Wednesday, 5 October 2011

Clarify Those Words

Tell Me a Story

I don't know about you, but if I read a story where the author uses an incorrect word, it makes me want to toss the book aside. Why don't writers make sure what they say is what they mean - and why, for heaven's sake hasn't an editor picked up the error?

These seemingly comparable words have different meanings. Be sure you’re using the correct one in each pair.

  • To appraise is to gauge; to apprise is to let know.
  • To be amused is to be entertained; to be bemused is to be puzzled.
  • To attain is to achieve; to obtain is to acquire.
  • To ascribe is to attach an idea to a source; to subscribe is to hold belief in an idea.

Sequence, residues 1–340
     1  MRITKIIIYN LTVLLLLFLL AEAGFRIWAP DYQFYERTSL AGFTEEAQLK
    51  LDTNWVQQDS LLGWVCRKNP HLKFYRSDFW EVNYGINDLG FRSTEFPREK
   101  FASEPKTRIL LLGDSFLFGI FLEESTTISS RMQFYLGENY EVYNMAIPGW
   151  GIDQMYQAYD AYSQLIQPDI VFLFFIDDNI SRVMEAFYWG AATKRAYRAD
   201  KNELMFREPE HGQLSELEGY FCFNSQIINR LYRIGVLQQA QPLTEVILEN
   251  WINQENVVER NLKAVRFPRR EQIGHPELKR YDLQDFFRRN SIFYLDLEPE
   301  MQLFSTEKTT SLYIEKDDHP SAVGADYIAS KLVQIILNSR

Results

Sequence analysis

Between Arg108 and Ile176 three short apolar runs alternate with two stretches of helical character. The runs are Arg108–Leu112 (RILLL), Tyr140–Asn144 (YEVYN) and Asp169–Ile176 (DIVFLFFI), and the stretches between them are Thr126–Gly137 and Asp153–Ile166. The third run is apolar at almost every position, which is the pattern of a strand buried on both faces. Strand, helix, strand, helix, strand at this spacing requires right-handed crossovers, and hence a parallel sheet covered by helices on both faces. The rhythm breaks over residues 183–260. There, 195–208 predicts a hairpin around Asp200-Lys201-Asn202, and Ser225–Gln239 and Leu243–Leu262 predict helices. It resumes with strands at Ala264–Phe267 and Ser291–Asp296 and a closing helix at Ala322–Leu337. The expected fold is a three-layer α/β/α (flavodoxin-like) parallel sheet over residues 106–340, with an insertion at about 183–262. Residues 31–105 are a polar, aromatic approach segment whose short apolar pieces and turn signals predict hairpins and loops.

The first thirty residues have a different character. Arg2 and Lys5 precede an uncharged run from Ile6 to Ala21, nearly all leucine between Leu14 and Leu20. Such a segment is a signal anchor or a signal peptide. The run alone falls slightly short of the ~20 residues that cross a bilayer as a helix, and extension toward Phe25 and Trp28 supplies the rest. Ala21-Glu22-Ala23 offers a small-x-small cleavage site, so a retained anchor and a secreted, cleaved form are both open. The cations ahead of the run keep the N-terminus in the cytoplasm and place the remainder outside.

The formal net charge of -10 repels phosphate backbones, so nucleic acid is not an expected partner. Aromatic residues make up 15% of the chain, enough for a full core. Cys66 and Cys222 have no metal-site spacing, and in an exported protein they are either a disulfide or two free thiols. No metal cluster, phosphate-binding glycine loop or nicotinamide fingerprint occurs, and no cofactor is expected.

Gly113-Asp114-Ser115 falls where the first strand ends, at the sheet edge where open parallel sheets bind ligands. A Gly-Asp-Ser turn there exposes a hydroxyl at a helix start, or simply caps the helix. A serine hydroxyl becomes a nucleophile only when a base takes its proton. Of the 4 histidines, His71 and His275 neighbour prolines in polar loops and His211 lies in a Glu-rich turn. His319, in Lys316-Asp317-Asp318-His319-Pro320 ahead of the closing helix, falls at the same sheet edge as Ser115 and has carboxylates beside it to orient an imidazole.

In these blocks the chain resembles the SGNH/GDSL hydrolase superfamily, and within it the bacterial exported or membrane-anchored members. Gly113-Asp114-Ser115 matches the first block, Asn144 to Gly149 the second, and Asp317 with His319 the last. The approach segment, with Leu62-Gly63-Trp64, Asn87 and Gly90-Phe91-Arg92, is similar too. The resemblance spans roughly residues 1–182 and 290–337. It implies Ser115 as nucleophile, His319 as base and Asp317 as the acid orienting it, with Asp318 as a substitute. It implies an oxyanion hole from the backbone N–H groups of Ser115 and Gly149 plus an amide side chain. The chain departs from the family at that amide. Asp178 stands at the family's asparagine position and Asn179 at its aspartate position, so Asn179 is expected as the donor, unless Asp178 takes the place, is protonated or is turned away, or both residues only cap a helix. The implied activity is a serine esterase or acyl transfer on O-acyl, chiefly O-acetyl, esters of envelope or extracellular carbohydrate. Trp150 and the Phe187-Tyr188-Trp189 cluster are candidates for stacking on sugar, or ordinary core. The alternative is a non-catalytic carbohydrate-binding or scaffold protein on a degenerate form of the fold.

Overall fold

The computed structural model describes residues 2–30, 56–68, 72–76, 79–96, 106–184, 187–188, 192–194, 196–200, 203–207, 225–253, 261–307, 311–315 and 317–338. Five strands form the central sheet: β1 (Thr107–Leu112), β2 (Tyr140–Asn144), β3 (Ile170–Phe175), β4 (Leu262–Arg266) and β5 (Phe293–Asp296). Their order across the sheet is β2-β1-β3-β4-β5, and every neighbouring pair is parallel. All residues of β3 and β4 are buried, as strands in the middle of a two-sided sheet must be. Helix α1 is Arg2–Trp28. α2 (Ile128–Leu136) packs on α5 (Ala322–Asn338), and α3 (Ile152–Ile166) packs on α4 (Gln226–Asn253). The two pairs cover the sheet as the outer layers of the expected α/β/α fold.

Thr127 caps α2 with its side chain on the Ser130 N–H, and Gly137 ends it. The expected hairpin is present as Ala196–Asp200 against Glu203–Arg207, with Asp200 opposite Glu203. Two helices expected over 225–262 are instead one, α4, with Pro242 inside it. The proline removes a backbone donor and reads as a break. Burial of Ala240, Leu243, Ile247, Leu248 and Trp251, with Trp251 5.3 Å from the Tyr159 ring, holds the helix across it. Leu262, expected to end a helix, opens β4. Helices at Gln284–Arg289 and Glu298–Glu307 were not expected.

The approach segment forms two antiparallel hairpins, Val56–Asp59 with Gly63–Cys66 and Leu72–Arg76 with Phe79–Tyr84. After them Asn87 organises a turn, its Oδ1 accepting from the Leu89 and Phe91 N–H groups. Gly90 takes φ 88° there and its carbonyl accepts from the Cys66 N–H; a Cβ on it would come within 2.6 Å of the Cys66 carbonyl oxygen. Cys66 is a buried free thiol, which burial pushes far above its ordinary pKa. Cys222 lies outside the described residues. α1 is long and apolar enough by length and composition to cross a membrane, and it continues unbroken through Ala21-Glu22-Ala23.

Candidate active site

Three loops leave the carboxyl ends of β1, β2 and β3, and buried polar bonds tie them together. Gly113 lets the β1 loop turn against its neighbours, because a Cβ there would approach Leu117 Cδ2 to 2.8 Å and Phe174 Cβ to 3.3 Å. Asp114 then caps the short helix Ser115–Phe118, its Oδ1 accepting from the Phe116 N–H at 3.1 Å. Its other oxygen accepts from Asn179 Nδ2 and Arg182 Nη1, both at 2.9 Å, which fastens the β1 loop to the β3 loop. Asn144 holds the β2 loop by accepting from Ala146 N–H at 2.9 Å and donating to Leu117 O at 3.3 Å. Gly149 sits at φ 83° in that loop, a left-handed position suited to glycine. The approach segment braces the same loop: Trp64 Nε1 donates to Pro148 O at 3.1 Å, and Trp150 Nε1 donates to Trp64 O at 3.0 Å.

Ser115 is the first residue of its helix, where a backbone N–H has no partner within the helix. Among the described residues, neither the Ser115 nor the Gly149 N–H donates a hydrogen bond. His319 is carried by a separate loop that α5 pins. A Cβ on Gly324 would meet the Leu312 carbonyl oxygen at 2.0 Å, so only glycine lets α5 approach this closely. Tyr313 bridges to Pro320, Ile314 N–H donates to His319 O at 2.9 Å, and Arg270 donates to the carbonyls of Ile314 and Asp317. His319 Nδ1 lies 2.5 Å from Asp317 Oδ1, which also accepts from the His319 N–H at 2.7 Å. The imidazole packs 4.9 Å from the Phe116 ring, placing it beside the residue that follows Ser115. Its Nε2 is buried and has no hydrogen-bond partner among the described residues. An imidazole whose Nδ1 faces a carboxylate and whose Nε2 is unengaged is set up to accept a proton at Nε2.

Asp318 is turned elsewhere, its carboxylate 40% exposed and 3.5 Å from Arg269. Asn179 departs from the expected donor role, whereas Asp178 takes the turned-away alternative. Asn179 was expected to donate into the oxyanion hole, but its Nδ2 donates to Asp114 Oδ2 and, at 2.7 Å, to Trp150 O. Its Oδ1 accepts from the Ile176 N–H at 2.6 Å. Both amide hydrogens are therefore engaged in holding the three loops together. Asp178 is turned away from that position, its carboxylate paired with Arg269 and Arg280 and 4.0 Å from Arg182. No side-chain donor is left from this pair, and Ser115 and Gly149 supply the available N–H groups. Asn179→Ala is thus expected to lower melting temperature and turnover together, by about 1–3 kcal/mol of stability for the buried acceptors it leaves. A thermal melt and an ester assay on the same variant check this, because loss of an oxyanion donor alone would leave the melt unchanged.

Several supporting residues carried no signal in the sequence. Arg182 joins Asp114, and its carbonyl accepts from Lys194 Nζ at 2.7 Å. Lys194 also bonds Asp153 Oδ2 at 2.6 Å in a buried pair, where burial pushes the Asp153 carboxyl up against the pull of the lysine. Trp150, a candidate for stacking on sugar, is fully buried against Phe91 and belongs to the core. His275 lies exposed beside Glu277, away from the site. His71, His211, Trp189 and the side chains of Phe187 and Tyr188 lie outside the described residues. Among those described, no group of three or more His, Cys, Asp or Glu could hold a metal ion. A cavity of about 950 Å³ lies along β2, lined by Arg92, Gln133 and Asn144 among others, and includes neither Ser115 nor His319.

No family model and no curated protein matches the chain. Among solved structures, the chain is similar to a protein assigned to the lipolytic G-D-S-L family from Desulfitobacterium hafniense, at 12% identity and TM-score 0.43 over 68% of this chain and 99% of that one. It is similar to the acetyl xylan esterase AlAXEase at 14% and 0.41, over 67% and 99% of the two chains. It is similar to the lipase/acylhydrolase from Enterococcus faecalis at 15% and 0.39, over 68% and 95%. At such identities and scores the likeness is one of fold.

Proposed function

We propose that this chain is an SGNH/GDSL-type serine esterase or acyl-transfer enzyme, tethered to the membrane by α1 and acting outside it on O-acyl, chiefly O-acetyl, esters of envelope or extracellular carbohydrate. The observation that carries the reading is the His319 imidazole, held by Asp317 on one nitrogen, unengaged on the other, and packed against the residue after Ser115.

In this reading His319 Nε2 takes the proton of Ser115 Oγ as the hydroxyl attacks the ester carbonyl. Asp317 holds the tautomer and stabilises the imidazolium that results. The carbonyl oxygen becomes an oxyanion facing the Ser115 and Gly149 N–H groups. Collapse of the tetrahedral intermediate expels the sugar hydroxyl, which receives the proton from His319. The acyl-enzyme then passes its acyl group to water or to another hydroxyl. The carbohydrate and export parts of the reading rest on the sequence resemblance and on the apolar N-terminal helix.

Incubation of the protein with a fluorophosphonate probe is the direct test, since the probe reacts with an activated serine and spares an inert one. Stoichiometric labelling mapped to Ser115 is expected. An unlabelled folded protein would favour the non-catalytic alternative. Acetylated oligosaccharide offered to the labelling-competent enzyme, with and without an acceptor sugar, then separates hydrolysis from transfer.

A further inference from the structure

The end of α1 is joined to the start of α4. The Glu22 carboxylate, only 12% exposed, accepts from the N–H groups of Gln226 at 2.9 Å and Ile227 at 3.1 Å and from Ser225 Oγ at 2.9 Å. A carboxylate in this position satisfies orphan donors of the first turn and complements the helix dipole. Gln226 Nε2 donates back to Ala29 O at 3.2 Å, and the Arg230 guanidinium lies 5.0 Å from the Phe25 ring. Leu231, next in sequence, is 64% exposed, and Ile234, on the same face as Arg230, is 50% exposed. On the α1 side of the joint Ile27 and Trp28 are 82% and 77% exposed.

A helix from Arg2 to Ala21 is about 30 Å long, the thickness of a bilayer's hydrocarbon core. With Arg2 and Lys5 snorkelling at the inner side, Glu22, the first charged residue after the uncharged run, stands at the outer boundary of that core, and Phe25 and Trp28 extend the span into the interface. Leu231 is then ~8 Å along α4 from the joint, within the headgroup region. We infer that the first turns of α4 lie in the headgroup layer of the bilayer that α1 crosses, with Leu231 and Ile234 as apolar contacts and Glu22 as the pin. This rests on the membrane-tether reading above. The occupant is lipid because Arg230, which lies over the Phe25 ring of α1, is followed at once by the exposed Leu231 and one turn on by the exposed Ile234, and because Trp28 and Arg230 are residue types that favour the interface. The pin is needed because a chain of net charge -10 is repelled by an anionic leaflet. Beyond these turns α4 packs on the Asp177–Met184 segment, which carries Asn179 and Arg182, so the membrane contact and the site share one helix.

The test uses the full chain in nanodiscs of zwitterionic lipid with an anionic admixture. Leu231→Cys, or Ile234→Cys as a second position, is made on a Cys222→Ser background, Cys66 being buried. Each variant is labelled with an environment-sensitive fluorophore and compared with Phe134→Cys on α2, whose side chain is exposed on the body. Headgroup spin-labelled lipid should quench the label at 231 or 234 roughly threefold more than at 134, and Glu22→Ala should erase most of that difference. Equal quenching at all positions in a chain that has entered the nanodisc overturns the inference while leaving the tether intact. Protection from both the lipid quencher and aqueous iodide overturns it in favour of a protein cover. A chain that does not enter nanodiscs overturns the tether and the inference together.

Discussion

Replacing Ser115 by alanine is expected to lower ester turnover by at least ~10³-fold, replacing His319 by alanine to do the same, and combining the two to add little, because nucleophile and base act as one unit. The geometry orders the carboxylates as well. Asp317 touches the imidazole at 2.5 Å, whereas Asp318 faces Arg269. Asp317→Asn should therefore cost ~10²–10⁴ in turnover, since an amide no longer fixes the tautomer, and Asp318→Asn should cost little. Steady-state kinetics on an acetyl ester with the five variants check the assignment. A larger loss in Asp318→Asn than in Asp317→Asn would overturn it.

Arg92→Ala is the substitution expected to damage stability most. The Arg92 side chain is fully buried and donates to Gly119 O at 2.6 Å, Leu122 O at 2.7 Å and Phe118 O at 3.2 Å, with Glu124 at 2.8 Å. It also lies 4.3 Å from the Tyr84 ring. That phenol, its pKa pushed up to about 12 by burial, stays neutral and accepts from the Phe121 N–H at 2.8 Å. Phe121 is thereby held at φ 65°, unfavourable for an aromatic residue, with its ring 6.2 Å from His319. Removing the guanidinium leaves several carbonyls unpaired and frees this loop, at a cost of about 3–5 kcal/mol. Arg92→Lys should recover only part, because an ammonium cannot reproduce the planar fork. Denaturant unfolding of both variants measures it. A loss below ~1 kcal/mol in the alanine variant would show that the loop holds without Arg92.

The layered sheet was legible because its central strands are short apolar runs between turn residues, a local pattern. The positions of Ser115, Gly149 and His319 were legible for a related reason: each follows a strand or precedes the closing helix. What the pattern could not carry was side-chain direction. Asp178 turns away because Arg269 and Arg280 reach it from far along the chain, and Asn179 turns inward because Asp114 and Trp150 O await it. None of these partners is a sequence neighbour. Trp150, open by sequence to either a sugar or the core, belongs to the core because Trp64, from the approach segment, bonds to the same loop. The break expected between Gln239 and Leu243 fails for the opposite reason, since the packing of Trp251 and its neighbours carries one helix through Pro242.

• To be born is to be brought forth; to be borne is to be carried along.
  • To barter is to trade; to haggle is to negotiate.
  • To borrow is to receive something for temporary use; to loan is to provide something on those terms.
  • To careen is to sway; to career is to hurry carelessly.
  • To censor is to ban; to censure is to reprimand.
  • To criticize is to judge harshly or in a negative manner; to critique is to evaluate.
  • To denigrate is to demean; to deprecate is to disapprove.
  • To differ is to be distinct from; to vary is to change.
  • To espouse is to support; to expound means enlighten.
  • To rebut is to argue in reply to another argument; to refute is to reject an argument.
  • To wangle is to acquire by devious means; to wrangle is to wrestle.